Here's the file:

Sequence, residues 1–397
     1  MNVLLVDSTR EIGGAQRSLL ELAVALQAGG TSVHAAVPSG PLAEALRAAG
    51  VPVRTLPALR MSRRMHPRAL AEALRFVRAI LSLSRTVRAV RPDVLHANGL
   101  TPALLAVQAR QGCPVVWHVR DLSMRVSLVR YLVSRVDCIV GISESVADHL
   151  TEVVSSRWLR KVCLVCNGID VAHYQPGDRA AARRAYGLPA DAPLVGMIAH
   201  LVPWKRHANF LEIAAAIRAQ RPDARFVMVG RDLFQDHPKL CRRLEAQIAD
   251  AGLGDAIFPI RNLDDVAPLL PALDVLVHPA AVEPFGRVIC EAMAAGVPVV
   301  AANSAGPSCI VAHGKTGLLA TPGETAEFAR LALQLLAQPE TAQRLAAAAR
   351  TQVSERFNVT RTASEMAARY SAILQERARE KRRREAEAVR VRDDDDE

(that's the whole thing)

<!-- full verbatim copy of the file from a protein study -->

Sequence, residues 1–397
     1  MNVLLVDSTR EIGGAQRSLL ELAVALQAGG TSVHAAVPSG PLAEALRAAG
    51  VPVRTLPALR MSRRMHPRAL AEALRFVRAI LSLSRTVRAV RPDVLHANGL
   101  TPALLAVQAR QGCPVVWHVR DLSMRVSLVR YLVSRVDCIV GISESVADHL
   151  TEVVSSRWLR KVCLVCNGID VAHYQPGDRA AARRAYGLPA DAPLVGMIAH
   201  LVPWKRHANF LEIAAAIRAQ RPDARFVMVG RDLFQDHPKL CRRLEAQIAD
   251  AGLGDAIFPI RNLDDVAPLL PALDVLVHPA AVEPFGRVIC EAMAAGVPVV
   301  AANSAGPSCI VAHGKTGLLA TPGETAEFAR LALQLLAQPE TAQRLAAAAR
   351  TQVSERFNVT RTASEMAARY SAILQERARE KRRREAEAVR VRDDDDE